NPR has reported that Eric Holder has announced his intent to resign from his post of Attorney General. Holder will remain in his position until his successor is confirmed.
“A former U.S. government official says Holder has been increasingly “adamant” about his desire to leave soon for fear he otherwise could be locked in to stay for much of the rest of President Obama’s second term,” Carrie Johnson wrote.
Holder has served as Attorney General since 2009, and is the nation’s first African-American to hold that post, and is the fourth-longest serving person in that position.
The report says that:
Holder most wants to be remembered for his record on civil rights: refusing to defend a law that defined marriage as between one man and one woman; suing North Carolina and Texas over voting restrictions that disproportionately affectminorities and the elderly; launching 20 investigations of abuses by local police departments; and using his bully pulpit to lobby Congress to reduce prison sentences for non-violent drug crimes. Many of those sentences disproportionately hurt minority communities.
And then, there’s his relationship with Congress. From the day Holder’s nomination was announced, Republicans led by Sen. Mitch McConnell, R-Ky., signaled he would be a political lightning rod.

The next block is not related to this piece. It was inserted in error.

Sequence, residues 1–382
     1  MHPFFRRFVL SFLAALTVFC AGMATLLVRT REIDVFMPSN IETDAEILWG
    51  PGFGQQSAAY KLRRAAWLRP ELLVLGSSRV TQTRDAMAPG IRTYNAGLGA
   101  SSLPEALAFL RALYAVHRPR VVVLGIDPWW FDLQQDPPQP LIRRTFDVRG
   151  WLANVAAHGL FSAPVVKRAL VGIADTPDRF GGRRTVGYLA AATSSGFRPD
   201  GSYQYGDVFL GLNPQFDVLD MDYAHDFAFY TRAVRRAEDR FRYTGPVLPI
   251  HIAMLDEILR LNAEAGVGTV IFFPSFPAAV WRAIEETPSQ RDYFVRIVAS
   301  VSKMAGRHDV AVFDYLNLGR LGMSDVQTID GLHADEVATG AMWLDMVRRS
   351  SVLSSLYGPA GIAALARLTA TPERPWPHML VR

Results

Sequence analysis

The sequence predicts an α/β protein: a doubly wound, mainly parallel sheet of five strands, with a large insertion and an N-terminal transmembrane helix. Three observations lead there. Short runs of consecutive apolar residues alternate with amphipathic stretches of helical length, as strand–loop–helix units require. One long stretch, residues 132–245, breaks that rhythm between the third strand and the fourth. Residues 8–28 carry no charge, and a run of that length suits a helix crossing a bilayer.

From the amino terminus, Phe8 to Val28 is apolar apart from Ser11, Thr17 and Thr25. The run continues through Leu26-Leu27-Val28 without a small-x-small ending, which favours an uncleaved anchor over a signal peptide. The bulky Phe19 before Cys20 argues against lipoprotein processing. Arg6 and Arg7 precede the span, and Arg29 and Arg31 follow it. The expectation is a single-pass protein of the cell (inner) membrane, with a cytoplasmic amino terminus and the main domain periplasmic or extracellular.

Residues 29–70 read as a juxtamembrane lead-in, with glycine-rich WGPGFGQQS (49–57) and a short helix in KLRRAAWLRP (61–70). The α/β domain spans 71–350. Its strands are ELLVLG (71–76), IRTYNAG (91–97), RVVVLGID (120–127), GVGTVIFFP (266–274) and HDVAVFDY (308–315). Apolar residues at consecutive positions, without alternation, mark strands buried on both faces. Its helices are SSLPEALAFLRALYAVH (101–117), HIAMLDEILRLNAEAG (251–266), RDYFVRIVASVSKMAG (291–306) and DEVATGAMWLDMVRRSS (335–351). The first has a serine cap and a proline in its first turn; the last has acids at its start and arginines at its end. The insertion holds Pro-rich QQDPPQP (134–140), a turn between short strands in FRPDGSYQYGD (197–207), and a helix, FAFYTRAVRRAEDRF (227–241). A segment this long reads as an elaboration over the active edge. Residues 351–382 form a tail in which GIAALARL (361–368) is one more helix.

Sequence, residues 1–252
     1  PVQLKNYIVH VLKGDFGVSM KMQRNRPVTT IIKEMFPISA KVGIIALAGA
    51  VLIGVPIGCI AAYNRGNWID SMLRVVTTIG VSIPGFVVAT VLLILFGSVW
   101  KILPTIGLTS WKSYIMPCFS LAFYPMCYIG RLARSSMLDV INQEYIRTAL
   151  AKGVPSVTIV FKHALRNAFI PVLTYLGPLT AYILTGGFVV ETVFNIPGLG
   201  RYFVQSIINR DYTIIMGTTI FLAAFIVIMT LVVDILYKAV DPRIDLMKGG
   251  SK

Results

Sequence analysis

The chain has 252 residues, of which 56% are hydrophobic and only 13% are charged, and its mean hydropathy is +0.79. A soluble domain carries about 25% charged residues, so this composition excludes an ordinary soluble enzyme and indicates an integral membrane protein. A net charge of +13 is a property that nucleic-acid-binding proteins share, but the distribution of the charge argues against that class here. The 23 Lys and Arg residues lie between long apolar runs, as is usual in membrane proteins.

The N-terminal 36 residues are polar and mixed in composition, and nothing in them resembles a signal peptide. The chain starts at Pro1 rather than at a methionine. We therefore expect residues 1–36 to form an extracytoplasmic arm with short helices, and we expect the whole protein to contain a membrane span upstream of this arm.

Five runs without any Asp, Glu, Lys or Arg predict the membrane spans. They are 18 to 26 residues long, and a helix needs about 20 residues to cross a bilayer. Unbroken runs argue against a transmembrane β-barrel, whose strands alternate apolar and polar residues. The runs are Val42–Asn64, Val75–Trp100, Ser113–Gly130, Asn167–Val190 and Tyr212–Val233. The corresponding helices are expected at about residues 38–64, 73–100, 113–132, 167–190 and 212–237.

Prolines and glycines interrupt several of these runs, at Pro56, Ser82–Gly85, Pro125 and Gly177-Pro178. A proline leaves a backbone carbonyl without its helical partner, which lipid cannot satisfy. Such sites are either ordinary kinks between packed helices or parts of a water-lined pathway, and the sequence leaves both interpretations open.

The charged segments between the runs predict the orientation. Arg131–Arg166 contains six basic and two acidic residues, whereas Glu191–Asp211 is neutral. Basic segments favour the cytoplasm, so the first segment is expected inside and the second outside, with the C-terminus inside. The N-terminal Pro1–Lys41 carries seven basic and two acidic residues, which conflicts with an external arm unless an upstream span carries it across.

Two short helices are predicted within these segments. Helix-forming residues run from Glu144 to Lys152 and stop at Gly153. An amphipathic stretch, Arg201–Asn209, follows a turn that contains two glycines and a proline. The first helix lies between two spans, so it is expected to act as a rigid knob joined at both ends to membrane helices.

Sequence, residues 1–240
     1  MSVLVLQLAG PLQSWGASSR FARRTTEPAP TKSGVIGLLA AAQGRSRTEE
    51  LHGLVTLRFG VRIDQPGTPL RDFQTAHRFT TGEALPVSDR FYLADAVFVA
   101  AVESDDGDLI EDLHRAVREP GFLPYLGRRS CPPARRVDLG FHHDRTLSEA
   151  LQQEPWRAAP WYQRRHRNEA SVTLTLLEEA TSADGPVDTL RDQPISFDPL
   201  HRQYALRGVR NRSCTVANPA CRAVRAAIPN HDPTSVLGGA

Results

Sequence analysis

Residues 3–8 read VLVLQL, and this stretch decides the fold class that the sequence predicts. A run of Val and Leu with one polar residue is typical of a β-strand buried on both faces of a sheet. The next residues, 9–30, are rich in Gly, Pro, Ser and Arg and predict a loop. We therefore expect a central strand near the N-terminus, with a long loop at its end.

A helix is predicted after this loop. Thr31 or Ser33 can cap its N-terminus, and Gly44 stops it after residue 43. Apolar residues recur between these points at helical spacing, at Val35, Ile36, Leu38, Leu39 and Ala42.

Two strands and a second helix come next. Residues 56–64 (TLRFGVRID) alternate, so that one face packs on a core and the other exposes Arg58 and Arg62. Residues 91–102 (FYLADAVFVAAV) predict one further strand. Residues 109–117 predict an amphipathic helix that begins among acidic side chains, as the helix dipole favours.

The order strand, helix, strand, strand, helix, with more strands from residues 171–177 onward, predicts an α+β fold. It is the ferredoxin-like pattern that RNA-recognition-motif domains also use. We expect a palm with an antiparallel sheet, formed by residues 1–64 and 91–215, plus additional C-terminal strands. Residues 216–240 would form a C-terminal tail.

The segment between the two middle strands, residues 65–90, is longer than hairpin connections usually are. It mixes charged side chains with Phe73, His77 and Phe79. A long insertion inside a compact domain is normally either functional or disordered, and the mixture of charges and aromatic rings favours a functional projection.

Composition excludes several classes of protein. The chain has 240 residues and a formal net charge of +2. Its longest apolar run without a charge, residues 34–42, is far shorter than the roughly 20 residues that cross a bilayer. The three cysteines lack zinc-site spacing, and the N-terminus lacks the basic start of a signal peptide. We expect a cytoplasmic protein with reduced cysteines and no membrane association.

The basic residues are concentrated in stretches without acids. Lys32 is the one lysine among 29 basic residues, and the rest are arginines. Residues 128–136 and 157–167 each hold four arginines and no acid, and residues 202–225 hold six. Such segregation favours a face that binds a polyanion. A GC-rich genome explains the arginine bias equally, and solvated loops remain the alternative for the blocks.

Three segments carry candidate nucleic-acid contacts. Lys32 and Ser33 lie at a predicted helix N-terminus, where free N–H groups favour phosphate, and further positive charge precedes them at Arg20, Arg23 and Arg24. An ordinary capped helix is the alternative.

The attorney general’s portfolio, which spans sensitive law enforcement cases and hot button social issues including marijuana and gay marriage, didn’t help. But even longtime aides say Holder didn’t do enough to help himself by shrugging off preparations and moot sessions before congressional appearances and speaking off the cuff — and obliquely.
Things hit a crisis point when the GOP-led House voted him in contempt for refusing to hand over documents about a gun trafficking scandal known as Fast and Furious. That represented the first time an attorney general had ever been rebuked that way but still Holder held onto his job.
In the end, the decision to leave was Holder’s alone — the two sources tell NPR the White House would have been happy to have him stay a full eight years and to avoid what could be a contentious nomination fight for his successor. Holder and President Obama discussed his departure several times and finalized things in a long meeting over Labor Day weekend at the White House.
It is unclear what Holder plans to do next, but it is speculated that he may return to his previous law firm of Covington & Burling, or open a civil rights center to “work more on law enforcement interactions with communities of color and host public forums on those issues.”
The process of confirming a successor could run through 2014 and into 2015.